Two Beds

Two of my Granddaughters got new beds.  The beds that come in a box.   The beds   Fed-Ex delivers one Thursday afternoon and then runs, like a kid playing trick or treat.

These beds come with a hundred and twelve different parts.  The box weighs two hundred pounds.  I couldn’t move it off the porch.  Somewhere in that box was a two page set of instructions and a two gallon plastic bag of nuts, bolts, screws and little plastic things.   I still don’t know where the plastic pieces go.

I got a call from my daughter-in-law.  A plea for help.  I’m the Grandfather.  I grabbed a handful of tools and a box of band-aids. I hurried over to the new house.

I had no idea.  

Well, that’s a lie.  I did have an idea. 

We bought a bed from the same people about two years ago, again, for the granddaughters.  You know how that works.  When you’re a grandparent, if they ask, they receive.  They wanted bunk beds.  An on-line store, a credit card number and Fed-Ex  were Johnny on the spot!

Grandpa spent a day and a half wrestling with the same 112 different parts and a plastic bag of nuts, bolts and screws.  I swore I’d never, ever, put another bed together that came in a box, with a plastic bag of nuts, bolts and screws.  I lied about that, too.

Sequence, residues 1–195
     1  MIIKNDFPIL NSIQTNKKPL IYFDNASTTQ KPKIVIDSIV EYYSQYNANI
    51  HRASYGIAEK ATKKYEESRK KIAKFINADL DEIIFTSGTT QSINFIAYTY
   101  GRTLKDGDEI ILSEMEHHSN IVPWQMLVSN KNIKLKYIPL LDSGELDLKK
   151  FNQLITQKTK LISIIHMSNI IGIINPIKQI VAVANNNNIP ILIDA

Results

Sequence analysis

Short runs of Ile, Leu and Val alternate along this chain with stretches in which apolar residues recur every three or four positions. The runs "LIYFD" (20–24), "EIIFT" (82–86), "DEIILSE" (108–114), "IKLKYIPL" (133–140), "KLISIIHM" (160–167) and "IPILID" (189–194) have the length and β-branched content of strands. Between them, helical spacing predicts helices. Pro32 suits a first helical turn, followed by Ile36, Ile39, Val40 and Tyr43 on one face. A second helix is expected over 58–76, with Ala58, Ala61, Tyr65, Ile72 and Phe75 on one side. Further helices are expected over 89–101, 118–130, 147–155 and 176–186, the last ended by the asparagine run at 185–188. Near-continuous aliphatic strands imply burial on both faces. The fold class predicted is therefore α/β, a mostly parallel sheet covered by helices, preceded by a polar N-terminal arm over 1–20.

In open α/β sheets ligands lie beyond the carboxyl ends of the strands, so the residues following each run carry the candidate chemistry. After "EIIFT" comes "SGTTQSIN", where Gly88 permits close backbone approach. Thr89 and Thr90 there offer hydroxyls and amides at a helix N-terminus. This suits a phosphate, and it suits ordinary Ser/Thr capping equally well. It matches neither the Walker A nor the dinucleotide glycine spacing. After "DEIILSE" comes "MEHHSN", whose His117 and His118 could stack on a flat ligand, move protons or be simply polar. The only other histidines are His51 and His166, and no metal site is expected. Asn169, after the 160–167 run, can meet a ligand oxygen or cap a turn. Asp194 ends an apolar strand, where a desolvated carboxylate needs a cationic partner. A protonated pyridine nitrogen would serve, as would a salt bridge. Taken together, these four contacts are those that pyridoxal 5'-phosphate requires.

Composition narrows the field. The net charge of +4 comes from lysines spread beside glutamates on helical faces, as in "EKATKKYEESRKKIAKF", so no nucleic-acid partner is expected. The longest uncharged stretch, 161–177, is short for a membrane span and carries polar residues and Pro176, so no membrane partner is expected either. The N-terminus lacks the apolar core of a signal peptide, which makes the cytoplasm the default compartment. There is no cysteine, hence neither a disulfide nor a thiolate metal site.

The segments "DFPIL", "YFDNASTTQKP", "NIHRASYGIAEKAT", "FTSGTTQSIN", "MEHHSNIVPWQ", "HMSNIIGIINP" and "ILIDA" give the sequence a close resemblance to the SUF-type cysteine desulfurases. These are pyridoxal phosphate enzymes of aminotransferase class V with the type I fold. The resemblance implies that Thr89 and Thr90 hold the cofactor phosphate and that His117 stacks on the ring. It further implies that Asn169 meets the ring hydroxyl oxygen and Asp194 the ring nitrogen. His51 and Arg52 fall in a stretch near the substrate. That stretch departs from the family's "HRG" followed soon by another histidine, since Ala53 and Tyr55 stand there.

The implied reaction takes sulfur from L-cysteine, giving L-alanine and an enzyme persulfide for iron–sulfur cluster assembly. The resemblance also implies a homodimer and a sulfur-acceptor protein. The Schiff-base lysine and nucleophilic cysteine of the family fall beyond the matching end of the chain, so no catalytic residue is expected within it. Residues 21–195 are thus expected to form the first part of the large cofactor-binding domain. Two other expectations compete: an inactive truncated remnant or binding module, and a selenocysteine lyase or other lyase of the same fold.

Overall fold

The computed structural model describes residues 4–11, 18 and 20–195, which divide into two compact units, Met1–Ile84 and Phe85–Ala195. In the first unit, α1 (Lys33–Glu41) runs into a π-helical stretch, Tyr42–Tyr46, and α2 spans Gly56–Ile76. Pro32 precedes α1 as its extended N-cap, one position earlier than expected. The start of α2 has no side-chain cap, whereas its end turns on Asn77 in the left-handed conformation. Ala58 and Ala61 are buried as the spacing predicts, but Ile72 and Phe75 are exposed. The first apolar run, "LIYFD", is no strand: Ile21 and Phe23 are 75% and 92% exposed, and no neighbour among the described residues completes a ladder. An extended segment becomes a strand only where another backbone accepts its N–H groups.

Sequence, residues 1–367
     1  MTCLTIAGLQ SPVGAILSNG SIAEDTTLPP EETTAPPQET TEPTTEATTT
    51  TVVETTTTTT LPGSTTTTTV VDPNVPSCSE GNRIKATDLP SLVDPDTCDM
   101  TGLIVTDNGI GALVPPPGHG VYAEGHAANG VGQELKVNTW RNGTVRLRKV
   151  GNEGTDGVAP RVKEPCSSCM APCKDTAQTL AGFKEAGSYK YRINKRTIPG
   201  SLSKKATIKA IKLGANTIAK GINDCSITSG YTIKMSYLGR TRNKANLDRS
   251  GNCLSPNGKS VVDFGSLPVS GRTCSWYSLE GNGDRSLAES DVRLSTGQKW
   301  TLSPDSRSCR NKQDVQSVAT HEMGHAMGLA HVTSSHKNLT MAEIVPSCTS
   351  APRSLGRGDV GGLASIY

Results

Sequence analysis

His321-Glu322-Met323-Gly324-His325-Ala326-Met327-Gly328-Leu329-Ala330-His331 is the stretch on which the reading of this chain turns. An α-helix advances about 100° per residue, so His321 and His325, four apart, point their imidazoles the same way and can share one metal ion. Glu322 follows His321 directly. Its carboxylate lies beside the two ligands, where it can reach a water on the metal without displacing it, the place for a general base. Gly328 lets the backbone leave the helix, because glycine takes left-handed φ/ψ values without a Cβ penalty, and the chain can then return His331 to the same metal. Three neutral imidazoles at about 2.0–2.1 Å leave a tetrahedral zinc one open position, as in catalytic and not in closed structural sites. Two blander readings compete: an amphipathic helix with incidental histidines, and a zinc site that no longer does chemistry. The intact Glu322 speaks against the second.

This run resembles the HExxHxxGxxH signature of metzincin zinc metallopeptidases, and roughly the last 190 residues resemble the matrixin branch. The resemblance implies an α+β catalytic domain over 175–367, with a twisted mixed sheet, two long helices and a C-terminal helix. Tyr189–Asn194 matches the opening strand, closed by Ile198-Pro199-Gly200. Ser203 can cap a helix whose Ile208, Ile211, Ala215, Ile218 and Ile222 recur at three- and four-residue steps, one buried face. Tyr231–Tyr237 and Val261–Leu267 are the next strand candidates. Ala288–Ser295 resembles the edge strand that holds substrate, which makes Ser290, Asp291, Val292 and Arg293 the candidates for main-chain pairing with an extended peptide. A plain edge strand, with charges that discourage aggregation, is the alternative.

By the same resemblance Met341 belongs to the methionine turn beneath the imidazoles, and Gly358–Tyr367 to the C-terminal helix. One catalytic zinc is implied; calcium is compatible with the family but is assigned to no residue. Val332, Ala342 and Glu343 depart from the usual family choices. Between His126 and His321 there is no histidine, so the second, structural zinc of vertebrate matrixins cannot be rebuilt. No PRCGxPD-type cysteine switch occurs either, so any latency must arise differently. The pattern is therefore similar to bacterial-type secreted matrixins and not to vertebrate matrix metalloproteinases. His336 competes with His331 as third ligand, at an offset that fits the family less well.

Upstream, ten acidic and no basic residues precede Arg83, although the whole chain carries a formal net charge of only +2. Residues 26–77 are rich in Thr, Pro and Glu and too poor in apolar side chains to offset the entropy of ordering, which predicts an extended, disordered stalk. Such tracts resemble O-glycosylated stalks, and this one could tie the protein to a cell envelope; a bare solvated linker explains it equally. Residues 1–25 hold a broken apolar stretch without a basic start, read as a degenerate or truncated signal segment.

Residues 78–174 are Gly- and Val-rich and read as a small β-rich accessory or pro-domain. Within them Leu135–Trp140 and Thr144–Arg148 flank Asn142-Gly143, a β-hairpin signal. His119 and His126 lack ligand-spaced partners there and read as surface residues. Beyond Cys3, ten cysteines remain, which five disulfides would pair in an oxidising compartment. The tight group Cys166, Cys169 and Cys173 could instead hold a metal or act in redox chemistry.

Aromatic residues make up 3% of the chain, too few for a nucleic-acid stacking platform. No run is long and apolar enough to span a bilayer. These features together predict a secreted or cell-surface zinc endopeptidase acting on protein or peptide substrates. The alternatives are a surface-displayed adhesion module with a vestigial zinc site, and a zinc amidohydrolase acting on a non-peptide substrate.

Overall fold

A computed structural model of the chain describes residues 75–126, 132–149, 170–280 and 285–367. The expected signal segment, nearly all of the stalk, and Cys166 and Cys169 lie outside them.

Oh, did I tell you, they even send a little wrench for me to use.

I spent two afternoons, sitting on the floor, sitting in a chair, trying my best not to let a piece of wood bang up against a newly painted wall.  

I read the instructions.  Instructions written by someone in a foreign country.  English is not their native language.  I looked at the drawings.  More confusing than instructions in Pigeon English.

Every piece of the bed had its own individual number.  There were two pieces that had the same number.  The nuts, bolts and screws were separated into pockets, named A, B, C, all the way down to J-1 and J-2.

I’m an old man.  I wear bi-focals.  I have arthritis in my knees and hands.  Plus a bad back.  It hurts to stand up.  I need help to get up off the floor.  I bumped my head on the bed frame.  My fingers are sore today from using the free wrench they sent. 

I had to take one of the beds apart.  I put the wrong piece in the wrong place.  A half hour later, I couldn’t find the right piece to fit.  I had to go back and start again.

My granddaughter came in to check on her bed.  “Grandpa,” she said,  “You’re not supposed to say those words!”  She stormed out, I guess to tell her Mom what words I was using.

Bless her little heart!

It pained me to put those two beds together.  In my heart, It was a great pleasure to build beds for my granddaughters.  I hope they remember.

Please feel free to share. I encourage and welcome your comments and thoughts.  Contact Mike Windham at  Please follow my blog at